In 1991 I was a recovering rock musician and only just discovering that folk music, like the kind we used to sing around the campfire at summer camp, still existed. I got invited to a weekend conference/retreat by something called the People's Music Network. When I called for more information - where do you stay, how do you get there - the person who answered the phone was Sonny Ochs, sister of the guy who wrote "Draft Dodger Rag," one of the songs my camp counselors all sang. I decided to go. When I got there I discovered that another PMN member was the guy who wrote "Where Have All the Flowers Gone" - Pete Seeger.
I have stayed involved with the People's Music Network ever since, and got to see Pete once or twice a year at PMN gatherings, not just onstage (changing the last line of "Somewhere Over the Rainbow" to 'why can't you and I' to make it more inclusive) but in workshops of maybe a dozen people sitting in a circle hearing him talk about how to structure a set (always follow a challenging, potentially divisive song with a one that will unite people) and having him listen and comment on other people's songs. And, maybe most importantly, I got to see the way Pete - arguably the most influential American folksinger of the twentieth century - was always one of the group, stacking chairs and sweeping the mess hall floor with the rest of us. Pretty humbling and eye-opening to witness, especially for a former future rock star like me.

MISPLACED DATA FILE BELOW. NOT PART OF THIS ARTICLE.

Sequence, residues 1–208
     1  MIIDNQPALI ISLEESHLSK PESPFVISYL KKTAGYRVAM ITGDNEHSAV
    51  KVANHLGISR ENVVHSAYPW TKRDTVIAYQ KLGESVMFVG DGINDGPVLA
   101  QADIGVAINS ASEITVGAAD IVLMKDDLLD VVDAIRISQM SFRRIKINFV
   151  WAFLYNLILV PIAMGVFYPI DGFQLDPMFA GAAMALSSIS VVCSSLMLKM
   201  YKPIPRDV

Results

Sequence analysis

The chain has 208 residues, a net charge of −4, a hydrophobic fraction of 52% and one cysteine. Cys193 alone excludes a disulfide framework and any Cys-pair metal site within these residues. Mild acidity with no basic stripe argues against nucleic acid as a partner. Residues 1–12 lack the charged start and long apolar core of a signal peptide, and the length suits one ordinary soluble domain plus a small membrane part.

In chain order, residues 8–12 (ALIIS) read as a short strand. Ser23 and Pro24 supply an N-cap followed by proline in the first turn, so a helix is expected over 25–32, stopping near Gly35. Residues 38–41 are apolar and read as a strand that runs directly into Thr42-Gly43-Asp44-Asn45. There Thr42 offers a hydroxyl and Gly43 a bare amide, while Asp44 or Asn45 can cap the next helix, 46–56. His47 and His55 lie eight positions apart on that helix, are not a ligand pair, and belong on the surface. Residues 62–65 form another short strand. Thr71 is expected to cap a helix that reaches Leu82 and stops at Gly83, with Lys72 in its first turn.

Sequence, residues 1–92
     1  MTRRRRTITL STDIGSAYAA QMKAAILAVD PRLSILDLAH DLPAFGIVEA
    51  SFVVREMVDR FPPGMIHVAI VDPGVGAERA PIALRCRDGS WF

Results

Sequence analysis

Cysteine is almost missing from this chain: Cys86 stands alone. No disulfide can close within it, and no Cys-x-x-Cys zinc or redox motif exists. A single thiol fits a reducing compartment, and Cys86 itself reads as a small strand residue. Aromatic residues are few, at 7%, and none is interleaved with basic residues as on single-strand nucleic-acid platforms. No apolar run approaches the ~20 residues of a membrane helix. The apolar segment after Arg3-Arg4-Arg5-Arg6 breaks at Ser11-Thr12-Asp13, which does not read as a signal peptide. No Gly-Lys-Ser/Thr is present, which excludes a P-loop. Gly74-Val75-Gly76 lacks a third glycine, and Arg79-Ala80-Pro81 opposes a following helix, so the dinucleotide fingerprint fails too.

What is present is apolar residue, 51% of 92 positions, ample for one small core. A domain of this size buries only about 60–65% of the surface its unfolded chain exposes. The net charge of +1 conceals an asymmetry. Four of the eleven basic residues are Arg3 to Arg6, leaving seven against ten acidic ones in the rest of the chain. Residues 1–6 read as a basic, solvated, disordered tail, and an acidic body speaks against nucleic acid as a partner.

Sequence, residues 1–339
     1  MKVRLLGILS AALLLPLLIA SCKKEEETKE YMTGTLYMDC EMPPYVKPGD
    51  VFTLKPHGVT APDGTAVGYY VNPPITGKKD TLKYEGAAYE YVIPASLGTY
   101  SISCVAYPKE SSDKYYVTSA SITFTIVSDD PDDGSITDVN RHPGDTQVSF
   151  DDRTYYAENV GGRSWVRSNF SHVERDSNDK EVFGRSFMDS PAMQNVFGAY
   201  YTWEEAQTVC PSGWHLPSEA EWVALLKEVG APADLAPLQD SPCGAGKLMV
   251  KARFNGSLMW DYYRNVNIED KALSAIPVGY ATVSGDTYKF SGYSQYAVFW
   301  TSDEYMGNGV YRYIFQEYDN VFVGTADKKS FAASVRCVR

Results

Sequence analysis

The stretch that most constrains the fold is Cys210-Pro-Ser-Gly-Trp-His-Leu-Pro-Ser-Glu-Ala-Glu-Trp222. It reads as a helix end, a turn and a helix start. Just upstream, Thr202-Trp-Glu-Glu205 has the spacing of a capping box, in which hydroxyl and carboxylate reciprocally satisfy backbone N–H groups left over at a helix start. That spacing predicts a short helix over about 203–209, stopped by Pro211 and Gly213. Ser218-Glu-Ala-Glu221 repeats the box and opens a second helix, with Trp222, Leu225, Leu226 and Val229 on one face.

As I've learned more about folk music, it's been amazing to realize the scope of Pete Seeger's career (from The Almanac Singers with Woody Guthrie, to the Weavers, to being blacklisted, to singing at Barack Obama's inauguration) and his contributions to what we know as folk music - composing, adapting, discovering and/or popularizing songs from "Michael Row the Boat Ashore" to "We Shall Overcome" to "Wimoweh" to "Rainbow Race." And all the while, never forgetting the people who sweep up the concert hall after the crowd has gone home.
This Saturday evening March 29 I'll be performing at the People's Voice Cafe in New York City, along with Pat Lamanna and Mara Levine & Caroline Cutroneo, and we'll be closing the evening with Pete's song "Where Have All the Flowers Gone," the first song of his I ever learned, at summer camp. My camp didn't know it was a Pete Seeger song, they just thought it was a folk song. Exactly.
The next afternoon March 30 Mara and I will singing, along with Loretta Hagen, at the St. John's Gallery in Easton, PA, near where I went to camp. When we do "Where Have All the Flowers Gone" I'm sure some camp friends will join in. Thanks, Pete.
Then on Saturday April 5 I'll sing it one more time, with Dean Stevens, as the Nameless Coffeehouse in Cambridge, MA celebrates Pete's life and music. Many of Boston's finest folksingers will be there, and I'm honored to be among them. Thanks again, Pete, for everything.